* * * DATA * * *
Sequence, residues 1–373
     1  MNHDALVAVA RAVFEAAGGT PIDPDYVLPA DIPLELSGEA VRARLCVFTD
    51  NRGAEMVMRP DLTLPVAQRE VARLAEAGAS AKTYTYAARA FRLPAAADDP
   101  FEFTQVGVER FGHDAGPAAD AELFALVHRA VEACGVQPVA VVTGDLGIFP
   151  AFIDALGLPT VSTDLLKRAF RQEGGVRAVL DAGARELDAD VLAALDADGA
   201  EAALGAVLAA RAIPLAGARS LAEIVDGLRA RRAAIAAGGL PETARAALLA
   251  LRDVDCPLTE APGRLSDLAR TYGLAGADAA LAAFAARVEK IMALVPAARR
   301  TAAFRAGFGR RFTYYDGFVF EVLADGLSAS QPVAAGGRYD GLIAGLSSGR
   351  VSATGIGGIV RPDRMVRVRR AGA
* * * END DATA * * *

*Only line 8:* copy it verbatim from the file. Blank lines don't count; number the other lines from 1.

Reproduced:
   301  TAAFRAGFGR RFTYYDGFVF EVLADGLSAS QPVAAGGRYD GLIAGLSSGR